If Test match batting were to be displayed at its nadir, there wouldn’t be a better example than what Australia displayed on the third day of the second Test at the Ferozeshah Kotla grounds on Sunday. It saw them lose the second Test by six wickets, giving India a 2-0 unassailable lead in the four-Test series and helping them retain the Border-Gavaskar Trophy.
Having held the upper hand going into the third day, the visiting Aussie batsmen looked edgy, played impatiently and came up with unclassical strokes in their bid to break the shackles imposed by the accurate Indian spinners R Ashwin and Ravindra Jadeja, to be all out for 113 in second innings in just 31.1 overs.
The old school virtue of batting time in the face of good, tight bowling was lost on Australia as they found scoring tough and went for creative strokes to score runs, best suited for T20 cricket.
Even after the first hour of the day, they seemed to be in the game at 95 for three, despite having lost opener Travis Head (43) to an Ashwin delivery that turned and brushed the edge of his bat, and Steve Smith (9), who missed a sweep shot off the off-spinner and was dismissed on umpire’s call.
But 95 turned out to be the score at which a procession of batsmen returned to the pavilion as the visiting team lost four wickets on it. From 95/3, they were reduced to 95/7 in a space of 10 deliveries.
Marnus Labuschagne (35) was bowled off a straight delivery that kept low, Matt Renshaw (2), the concussion substitute of David Warner, was leg-before off Ashwin, one of the first-innings heroes Peter Handscomb (0) was caught in slip off a Jadeja delivery that turned while skipper Pat Cummins (0) was bowled while trying to sweep.
Barring the deliveries to Head and Handscomb, none of the others seemed to challenge the Australian batsmen and they simply fell to injudicious shots.
With a lack of ability to play down the ground, the Australians fell trying to work the ball square.
Australian skipper Pat Cummins acknowledged the error committed by his batsmen and said, “I thought they (Jadeja and Ashwin) bowled really well but a couple of our players went away from their methods… Unfortunately, quite a few of our players got out to cross-batted shots which may not have been our preferred method of batting.”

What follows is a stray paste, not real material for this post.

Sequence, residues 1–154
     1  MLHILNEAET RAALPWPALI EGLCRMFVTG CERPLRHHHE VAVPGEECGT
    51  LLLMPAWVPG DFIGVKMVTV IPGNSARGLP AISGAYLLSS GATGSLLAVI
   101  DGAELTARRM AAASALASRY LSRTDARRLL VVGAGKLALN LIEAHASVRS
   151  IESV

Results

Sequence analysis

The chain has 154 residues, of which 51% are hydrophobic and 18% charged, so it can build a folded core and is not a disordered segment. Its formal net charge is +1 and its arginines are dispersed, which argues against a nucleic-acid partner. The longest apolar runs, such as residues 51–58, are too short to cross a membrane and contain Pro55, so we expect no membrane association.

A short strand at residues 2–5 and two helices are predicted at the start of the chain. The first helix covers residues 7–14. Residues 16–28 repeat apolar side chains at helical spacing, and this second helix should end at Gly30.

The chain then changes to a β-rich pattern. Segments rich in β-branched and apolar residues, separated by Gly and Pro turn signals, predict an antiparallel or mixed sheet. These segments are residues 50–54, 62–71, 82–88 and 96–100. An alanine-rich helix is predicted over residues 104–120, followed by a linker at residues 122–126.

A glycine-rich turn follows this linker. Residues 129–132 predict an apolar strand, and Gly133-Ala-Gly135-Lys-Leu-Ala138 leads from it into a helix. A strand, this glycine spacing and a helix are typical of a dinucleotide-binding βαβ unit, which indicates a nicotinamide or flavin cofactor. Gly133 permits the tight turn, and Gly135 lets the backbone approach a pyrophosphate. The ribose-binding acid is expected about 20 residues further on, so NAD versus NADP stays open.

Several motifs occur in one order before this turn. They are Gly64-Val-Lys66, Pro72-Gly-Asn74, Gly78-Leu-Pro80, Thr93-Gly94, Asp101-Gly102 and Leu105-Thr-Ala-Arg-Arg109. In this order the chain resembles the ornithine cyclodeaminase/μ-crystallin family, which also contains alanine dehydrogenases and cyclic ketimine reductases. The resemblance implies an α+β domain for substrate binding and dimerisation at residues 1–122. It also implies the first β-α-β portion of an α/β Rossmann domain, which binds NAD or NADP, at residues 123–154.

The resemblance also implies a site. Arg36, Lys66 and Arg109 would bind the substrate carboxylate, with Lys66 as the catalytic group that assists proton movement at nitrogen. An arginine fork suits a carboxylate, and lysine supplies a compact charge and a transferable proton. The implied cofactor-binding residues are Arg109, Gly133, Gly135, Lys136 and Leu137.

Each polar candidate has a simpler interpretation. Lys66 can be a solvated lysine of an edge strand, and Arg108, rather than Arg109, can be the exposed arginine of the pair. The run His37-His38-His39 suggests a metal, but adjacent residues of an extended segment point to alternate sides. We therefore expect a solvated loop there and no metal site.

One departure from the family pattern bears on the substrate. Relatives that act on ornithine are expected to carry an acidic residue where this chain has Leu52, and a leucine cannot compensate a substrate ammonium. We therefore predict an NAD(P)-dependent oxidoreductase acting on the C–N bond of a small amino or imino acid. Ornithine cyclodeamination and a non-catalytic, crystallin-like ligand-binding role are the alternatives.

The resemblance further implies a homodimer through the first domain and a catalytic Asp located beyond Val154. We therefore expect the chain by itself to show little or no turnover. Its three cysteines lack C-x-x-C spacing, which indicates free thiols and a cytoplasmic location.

Ravindra Jadeja, who is returning from injury in this series, was the star of the day as he added six more to the overnight wicket of Usman Khawaja to finish with 10/110 for the match.
Captain Rohit Sharma lavished praise on the all-rounder, who had taken a seven-wicket haul in the last game, saying, “Comebacks are not easy but the confidence that guy has in his ability, that is massive and you can see that out on the field. There were times when he was put under pressure on the field but there was no sense of panic from him.”
Sharma added that the Indian bowlers, including Jadeja, were put under the pump on Saturday evening as Australia had raced to 61/1 forcing bowlers to make too many changes in the field due to panic. But he said that they sorted it out after a brief chat in the morning.
“I told them to just keep calm and not make too many changes on the field and keep things tight,” Sharma said after the game.
The bowlers obliged and while Jadeja took seven in the innings (and a tenner for the match) to earn the man of the match award, Ashwin took the key early wickets of Head and Smith to finish with 3/59.
The 115-run target proved too little for India. Even though they lost KL Rahul (1) early again, skipper Rohit Sharma (31 off 20 balls) played aggressively to set the platform. He was run out but his quick contribution and those of Virat Kohli (20), Shreyas Iyer (12), Cheteshwar Pujara (31 not out) and KS Bharat (23 not out) saw the Indian team through to the six-wicket win.